Graduation Year


Document Type




Degree Granting Department


Major Professor

Daniel Belgrad, Ph.D.

Co-Major Professor

Margit Grieb, Ph.D.


Infotainment, Fake news, News, Media studies, Television news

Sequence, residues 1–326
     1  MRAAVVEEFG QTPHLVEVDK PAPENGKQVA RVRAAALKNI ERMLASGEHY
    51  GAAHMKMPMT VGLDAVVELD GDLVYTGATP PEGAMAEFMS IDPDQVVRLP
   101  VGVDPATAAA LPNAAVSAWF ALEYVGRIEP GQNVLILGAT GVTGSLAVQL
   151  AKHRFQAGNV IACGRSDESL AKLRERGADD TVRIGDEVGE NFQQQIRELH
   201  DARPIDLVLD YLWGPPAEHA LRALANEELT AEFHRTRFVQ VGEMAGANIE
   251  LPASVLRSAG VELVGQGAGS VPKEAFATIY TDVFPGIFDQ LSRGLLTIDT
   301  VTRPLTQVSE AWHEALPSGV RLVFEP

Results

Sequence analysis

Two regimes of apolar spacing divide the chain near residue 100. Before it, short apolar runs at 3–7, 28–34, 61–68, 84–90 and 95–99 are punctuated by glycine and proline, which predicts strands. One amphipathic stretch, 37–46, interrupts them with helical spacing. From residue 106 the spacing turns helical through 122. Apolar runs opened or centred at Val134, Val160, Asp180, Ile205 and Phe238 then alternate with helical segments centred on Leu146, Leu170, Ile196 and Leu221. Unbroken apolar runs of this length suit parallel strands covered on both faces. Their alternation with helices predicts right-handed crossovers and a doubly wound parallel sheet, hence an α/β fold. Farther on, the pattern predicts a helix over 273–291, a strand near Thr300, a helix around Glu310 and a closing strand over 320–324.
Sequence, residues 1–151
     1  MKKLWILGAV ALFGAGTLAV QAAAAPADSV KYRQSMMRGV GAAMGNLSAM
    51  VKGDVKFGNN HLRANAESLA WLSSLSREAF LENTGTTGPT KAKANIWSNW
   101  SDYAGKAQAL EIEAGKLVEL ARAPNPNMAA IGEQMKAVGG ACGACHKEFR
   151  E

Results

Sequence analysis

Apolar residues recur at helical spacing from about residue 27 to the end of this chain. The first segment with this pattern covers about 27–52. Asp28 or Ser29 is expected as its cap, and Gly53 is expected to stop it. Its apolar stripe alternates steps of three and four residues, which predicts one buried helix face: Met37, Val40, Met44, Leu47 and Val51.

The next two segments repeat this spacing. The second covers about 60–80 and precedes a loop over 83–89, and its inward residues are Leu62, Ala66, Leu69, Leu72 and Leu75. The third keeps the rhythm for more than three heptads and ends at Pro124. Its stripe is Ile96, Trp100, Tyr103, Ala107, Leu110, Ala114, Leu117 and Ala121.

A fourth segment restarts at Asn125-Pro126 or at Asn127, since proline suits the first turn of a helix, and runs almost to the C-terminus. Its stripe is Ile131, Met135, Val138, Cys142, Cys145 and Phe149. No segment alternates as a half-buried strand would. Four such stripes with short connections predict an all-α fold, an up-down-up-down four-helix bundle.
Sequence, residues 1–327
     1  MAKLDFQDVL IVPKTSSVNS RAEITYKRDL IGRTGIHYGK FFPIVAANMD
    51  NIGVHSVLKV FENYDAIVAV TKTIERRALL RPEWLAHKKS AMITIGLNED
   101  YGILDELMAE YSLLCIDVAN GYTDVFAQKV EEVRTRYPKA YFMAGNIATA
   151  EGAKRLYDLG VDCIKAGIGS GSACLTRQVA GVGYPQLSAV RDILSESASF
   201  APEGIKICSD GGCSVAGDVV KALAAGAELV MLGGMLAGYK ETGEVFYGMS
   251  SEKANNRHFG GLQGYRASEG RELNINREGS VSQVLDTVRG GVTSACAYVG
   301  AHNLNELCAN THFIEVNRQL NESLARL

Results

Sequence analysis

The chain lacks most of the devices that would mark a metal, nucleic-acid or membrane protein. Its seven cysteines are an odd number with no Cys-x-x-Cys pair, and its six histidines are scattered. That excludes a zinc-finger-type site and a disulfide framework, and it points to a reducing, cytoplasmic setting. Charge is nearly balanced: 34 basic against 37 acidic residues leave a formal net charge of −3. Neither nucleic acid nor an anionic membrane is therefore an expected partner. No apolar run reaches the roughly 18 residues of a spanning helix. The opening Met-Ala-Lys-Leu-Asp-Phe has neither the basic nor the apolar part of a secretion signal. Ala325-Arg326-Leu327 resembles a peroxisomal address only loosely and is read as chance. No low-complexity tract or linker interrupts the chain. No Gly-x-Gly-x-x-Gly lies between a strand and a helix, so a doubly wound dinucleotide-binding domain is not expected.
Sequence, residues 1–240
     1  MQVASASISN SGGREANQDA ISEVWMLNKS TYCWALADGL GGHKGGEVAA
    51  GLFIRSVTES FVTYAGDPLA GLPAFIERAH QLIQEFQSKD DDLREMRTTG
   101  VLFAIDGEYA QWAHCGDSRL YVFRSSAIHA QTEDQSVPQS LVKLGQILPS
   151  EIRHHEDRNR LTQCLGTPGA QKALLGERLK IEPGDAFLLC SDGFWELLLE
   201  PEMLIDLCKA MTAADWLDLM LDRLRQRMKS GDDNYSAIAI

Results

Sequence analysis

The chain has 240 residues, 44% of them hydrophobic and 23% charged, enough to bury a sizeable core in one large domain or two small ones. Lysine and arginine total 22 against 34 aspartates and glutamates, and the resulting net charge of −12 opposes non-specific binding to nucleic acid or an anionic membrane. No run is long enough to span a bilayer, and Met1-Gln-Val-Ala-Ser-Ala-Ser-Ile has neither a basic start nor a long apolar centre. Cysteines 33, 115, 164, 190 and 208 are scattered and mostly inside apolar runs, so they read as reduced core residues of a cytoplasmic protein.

The social meaning of television news has been under transformation since the successes of cable news in the final years of the previous century. In their attempts to preserve viewership and to remain relevant, traditional broadcast news outlets increasingly emulate the conventions of cable news. Instead of retaining audiences, the result has been declining news content and a continued loss of viewers. Amid these industry transformations, the concept of "journalist" continues to undergo change. This evolution of the news allows for a decidedly unique response to news programming in The Daily Show With Jon Stewart. Though advertised as a half-hour comedy show, it has established itself as a consistent re-teller and producer of news, only possible in a post-modern era of journalism after objectivity. Amid the industry's shift in priorities from objectivity and reporting to influencing, framing and re-telling the news, The Daily Show is considered as much an example of journalism as many of the shows currently in the news sphere. Although our society is currently saturated with information, this information often fails to penetrate the surface of the issues covered. Too much information is as paralytic as ignorance. Recently, attention has shifted towards a re-evaluation of television news into something that will both help the public find the information they are searching for and give them the tools to make sense of and utilize that information. This concept of journalism as tool is present in every episode of The Daily Show. The show encourages viewers to peel away the layers of mediation of traditional newscasts, to recognize substance and the lack thereof, and become active consumers of information rather than passive receptacles submersed in irrelevant information. The Daily Show proves that a news show can inform, entertain and teach audiences how to critically process television as an informational medium.